Towards a space of contextual effects on choice behavior: Insights from the drift diffusion model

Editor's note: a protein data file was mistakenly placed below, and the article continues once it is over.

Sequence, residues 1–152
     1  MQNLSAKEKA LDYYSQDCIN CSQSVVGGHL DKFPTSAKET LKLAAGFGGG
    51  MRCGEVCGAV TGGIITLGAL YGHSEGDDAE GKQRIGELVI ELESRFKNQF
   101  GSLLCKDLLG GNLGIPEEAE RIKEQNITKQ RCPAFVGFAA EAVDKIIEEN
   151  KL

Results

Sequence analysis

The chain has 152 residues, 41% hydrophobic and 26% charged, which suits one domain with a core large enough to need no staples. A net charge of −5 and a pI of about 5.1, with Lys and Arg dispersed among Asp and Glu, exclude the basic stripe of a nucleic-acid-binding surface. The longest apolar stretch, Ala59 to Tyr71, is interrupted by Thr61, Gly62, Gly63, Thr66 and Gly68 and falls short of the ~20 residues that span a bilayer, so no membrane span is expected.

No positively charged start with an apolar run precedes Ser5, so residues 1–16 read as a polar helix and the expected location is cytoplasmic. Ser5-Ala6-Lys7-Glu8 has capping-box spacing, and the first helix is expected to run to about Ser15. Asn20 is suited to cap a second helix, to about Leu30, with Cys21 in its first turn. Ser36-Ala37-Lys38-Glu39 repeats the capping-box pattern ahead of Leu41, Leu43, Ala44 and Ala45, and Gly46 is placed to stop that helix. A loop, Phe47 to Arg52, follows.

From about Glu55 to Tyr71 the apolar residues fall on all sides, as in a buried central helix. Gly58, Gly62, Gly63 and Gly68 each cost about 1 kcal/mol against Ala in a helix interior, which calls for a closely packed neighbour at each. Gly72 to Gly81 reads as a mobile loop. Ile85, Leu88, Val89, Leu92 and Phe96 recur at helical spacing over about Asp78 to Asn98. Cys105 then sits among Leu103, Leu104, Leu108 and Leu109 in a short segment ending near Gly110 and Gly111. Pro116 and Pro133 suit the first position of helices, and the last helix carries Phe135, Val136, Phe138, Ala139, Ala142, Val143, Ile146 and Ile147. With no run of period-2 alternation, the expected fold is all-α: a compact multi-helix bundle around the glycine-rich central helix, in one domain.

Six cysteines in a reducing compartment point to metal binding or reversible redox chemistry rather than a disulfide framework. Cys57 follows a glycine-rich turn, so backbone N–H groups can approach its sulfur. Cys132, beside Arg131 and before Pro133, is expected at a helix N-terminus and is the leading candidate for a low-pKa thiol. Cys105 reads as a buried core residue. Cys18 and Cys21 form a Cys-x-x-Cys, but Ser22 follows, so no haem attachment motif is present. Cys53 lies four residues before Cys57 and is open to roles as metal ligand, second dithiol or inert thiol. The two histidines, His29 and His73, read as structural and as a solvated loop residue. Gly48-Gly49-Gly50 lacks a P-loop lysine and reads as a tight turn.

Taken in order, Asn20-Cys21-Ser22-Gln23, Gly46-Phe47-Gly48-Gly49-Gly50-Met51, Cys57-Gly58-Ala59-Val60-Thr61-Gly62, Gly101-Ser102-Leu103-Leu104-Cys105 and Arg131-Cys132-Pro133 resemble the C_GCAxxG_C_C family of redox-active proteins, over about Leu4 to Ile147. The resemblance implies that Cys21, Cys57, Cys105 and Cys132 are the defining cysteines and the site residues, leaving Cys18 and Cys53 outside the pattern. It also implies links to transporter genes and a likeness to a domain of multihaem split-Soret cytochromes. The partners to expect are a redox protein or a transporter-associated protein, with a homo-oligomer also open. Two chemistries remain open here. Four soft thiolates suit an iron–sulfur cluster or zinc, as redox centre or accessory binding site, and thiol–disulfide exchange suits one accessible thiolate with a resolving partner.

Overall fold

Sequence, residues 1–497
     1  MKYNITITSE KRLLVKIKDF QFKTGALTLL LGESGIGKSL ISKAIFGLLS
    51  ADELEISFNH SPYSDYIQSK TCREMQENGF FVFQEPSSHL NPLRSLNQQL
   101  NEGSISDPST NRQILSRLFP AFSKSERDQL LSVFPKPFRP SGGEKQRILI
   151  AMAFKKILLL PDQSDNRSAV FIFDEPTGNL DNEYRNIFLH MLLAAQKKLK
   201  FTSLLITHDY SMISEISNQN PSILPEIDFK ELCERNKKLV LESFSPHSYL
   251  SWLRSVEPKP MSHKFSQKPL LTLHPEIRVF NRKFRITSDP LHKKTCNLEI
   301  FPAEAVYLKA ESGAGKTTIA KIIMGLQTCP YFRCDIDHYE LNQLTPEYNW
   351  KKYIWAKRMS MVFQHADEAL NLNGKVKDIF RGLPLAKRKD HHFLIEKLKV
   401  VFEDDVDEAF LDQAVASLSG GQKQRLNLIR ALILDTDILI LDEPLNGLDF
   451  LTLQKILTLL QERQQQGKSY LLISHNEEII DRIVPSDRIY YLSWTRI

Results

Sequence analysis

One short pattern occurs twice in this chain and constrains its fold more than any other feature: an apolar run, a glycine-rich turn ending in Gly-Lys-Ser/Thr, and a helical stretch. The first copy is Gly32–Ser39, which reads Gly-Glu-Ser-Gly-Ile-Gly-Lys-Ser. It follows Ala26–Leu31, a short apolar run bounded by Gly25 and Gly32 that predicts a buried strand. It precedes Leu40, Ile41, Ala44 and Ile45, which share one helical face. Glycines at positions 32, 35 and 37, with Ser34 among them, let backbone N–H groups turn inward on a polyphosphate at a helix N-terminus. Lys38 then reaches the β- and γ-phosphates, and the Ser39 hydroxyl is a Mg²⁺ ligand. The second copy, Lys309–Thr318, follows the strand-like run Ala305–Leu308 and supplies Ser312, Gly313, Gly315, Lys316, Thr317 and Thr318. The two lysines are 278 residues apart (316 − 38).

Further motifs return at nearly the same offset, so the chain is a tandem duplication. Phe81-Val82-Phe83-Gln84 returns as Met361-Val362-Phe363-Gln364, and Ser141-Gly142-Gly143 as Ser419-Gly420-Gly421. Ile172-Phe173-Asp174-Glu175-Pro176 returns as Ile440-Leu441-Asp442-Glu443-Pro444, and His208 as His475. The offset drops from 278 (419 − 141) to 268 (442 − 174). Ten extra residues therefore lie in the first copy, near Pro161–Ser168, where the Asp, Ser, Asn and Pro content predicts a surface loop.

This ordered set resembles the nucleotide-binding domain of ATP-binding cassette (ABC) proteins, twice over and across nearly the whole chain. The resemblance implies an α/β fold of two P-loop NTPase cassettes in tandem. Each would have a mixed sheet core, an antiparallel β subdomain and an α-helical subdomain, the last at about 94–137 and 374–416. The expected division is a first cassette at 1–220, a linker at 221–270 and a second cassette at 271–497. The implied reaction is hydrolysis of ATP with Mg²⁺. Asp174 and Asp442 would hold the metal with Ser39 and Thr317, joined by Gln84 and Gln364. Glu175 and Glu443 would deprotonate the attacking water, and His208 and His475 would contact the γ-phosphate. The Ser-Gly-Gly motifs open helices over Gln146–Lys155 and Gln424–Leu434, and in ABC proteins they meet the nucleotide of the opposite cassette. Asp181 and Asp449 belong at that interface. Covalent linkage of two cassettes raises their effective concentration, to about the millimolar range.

AbstractChoice behavior can be influenced by many different types of incidental contextual effects, including those pertaining to presentation format, emotion, social belief, and cognitive capacity. Many of these contextual effects form the basis of “nudges”, used by academics and practitioners to shape choice. In this paper, we use data from a very large-scale choice experiment to uncover a space of contextual effects. We construct this space by analyzing fifteen contextual effects using the parameters of the drift diffusion model (DDM). DDM is a quantitative theory of decision making whose parameters offer a theoretically compelling characterization of the cognitive underpinnings of choice behavior. By representing a large number of contextual effects in terms of how they influence the parameters of the DDM, our space is able to precisely measure, quantify, and compare the contextual effects, and interpret these effects in terms of their behavioral, mechanistic, and statistical implications.


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